Dr. Kendall-Tackett, Ph.D., IBCLC, is a health psychologist, International Board Certified Lactation Consultant and La Leche League Leader. She specializes in synthesizing current research on breastfeeding and related fields, facilitating the provision of evidence-based care. Dr. Kendall-Tackett has authored more than 180 articles or chapters and is the author or editor of 17 books on maternal depression, family violence and breastfeeding. This post was co-authored by Nancy Mohrbacher, IBCLC.

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32 Comments

How Too Much Information May Cause Problems for Breastfeeding New Mothers

September 8, 2009 07:00 AM by Jill Arnold
I found this to be completely true. It tooks me weeks to just *be* and listen/watch/feel for cues. I wonder if this kind of left-brain/right-brain information ever gets co-opted by people with a bone to pick, e.g., Lactation Consultants Believe Mothers Can and Should Not Think Rationally. Can you tell I've met some angry weirdos lately? This was a great interview. Thanks.

How Too Much Information May Cause Problems for Breastfeeding New Mothers

September 8, 2009 07:00 AM by Kathy
YES!! When I was first pregnant, I read all sorts of birth and baby books, including the highly-recommended LLL "The Womanly Art of Breastfeeding." There are a lot of good things about it, I will say; but, honestly, after reading it, I felt my confidence sapped, because it was -- as you said -- filled with 10,000 things to remember and/or things that can go wrong. It was almost as if it was written with the expectation that women WILL have problems breastfeeding, rather than that most women WON'T (but here's what to do, just in case). That's why my favorite b/f book hands-down is "Breastfeeding with Comfort and Joy" by Laura Keegan. I've reviewed it before on my blog, and it is just simply beautiful -- it's hard to imagine a book feeling beautiful in your hands, but it does; and then it has wonderful, touching, beautiful photographs of mothers nursing their babies, combined with just enough clear and concise text to guide it. I can't say enough good about it. For so many women who have not had the opportunity to watch their mothers, aunts, sisters, or friends nurse, this book can make up for that -- allowing them to "watch" women nursing their babies in the pages of the book -- making up for the right-brain experience they would otherwise miss out on.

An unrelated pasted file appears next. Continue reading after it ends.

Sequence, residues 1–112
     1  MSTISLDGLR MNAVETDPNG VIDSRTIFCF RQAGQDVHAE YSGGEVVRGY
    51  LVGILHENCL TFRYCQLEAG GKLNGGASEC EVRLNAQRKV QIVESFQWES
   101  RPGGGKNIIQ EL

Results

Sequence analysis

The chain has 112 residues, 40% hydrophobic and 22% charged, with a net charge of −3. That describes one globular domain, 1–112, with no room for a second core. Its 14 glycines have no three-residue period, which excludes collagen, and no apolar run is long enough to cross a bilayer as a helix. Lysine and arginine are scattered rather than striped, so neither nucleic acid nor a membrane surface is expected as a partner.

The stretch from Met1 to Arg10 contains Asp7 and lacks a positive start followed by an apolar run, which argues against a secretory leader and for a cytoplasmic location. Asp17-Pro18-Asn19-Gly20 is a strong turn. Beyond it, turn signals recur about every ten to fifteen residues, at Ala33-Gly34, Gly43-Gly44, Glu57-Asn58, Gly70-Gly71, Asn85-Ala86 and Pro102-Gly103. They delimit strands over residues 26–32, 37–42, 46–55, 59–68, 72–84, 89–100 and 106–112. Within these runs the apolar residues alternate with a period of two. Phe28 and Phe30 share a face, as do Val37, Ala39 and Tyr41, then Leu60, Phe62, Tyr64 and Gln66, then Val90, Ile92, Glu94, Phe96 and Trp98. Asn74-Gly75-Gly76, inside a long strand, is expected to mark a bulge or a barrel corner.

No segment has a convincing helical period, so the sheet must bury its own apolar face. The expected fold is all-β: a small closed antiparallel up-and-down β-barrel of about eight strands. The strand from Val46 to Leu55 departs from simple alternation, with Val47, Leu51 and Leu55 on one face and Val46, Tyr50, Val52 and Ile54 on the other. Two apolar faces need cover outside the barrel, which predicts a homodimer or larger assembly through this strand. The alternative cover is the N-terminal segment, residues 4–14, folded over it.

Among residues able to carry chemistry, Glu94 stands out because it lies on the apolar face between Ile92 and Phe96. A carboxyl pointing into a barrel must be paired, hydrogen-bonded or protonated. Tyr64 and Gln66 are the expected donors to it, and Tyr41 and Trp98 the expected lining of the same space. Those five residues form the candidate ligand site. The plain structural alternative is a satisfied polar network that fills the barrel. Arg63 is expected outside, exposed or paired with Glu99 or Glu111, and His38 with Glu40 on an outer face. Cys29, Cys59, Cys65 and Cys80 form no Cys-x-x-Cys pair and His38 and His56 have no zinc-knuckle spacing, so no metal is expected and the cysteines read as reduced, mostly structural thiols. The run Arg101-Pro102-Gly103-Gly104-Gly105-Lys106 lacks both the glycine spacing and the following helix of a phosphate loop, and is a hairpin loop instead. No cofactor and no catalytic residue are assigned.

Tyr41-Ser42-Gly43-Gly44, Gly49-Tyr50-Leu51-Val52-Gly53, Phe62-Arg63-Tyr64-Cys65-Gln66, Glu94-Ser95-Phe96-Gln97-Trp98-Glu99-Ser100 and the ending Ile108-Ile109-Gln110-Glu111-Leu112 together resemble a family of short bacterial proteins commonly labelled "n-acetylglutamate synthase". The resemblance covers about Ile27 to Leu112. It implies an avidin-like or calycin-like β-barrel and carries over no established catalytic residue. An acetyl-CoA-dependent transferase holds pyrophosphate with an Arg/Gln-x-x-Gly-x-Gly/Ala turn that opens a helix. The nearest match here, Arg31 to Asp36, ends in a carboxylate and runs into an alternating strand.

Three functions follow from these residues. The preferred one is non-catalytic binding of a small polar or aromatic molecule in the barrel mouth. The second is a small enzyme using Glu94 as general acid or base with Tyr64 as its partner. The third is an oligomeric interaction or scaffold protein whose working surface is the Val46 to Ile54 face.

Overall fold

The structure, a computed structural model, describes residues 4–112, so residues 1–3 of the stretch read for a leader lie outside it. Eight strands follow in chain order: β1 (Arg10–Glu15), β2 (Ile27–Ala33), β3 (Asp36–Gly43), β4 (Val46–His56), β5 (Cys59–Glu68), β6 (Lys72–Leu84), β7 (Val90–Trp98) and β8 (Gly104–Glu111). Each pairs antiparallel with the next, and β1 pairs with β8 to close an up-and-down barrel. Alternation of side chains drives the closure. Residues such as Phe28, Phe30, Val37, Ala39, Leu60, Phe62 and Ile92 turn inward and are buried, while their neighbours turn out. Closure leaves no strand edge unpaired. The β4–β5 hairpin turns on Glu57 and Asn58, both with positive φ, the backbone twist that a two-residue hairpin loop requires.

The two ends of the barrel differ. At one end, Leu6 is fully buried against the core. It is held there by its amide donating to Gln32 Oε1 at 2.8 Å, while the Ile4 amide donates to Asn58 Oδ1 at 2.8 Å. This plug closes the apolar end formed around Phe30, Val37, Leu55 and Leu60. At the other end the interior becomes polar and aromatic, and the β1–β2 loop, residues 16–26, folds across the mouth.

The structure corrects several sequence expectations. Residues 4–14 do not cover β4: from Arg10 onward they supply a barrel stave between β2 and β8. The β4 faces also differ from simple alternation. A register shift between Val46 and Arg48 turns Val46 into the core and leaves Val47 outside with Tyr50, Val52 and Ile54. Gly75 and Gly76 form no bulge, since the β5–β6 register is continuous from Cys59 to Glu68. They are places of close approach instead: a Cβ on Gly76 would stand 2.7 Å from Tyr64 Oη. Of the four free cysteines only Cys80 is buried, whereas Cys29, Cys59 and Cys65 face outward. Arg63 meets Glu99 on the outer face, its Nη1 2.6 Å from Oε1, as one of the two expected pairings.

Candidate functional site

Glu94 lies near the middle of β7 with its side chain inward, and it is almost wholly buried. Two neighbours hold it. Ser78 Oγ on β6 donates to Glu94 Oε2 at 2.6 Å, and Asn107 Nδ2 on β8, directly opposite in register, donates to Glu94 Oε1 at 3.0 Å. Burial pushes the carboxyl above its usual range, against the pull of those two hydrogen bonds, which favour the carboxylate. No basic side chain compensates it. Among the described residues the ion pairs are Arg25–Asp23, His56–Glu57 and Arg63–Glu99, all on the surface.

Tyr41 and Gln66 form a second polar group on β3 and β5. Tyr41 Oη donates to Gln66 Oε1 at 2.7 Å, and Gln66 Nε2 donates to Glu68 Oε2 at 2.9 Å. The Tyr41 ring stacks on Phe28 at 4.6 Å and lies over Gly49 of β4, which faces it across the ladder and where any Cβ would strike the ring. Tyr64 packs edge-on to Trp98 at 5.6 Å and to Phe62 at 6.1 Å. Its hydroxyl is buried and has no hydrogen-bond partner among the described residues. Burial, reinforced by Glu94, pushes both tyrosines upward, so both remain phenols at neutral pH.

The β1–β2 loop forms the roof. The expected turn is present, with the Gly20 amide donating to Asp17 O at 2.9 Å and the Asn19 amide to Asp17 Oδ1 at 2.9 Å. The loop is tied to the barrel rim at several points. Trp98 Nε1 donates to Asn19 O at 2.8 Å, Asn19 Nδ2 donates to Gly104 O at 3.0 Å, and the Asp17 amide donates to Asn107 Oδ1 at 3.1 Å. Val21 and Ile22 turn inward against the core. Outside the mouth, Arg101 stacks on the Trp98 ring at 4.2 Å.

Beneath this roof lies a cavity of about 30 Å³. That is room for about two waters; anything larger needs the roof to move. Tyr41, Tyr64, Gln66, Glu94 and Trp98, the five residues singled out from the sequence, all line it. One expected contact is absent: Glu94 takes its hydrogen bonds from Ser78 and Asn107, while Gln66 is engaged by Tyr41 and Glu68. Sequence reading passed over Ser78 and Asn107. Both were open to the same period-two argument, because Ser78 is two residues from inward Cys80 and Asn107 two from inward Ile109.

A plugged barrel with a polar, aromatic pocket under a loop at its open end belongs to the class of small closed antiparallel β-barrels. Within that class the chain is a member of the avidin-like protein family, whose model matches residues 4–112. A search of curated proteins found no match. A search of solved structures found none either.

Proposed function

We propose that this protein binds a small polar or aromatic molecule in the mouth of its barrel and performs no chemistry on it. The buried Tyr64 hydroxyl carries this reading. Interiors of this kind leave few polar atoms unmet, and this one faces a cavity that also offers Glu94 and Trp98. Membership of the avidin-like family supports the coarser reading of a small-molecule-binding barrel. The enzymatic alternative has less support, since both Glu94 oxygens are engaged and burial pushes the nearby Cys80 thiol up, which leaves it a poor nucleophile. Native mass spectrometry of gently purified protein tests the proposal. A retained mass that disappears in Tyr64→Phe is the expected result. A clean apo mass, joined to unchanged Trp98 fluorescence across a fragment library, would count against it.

How Too Much Information May Cause Problems for Breastfeeding New Mothers

September 9, 2009 07:00 AM by Pam Hirsch, RN, BSN
Halleluah! I am one of the few Lactation Consultants I know who have always believed that the best help we can give a mother and baby is to get them comfortable skin-to-skin (not only immediately after delivery, but anytime the miother/baby couple desire) and leave them ALONE! I was fired from my position as clinical lead of lactation services at a hospital (by the director midwife of all people!) because I actively promoted unlimited skin-to-skin care. The parents and babies loved it, the hospital staff hated it and unfortunately for the families, the hospital won out.

How Too Much Information May Cause Problems for Breastfeeding New Mothers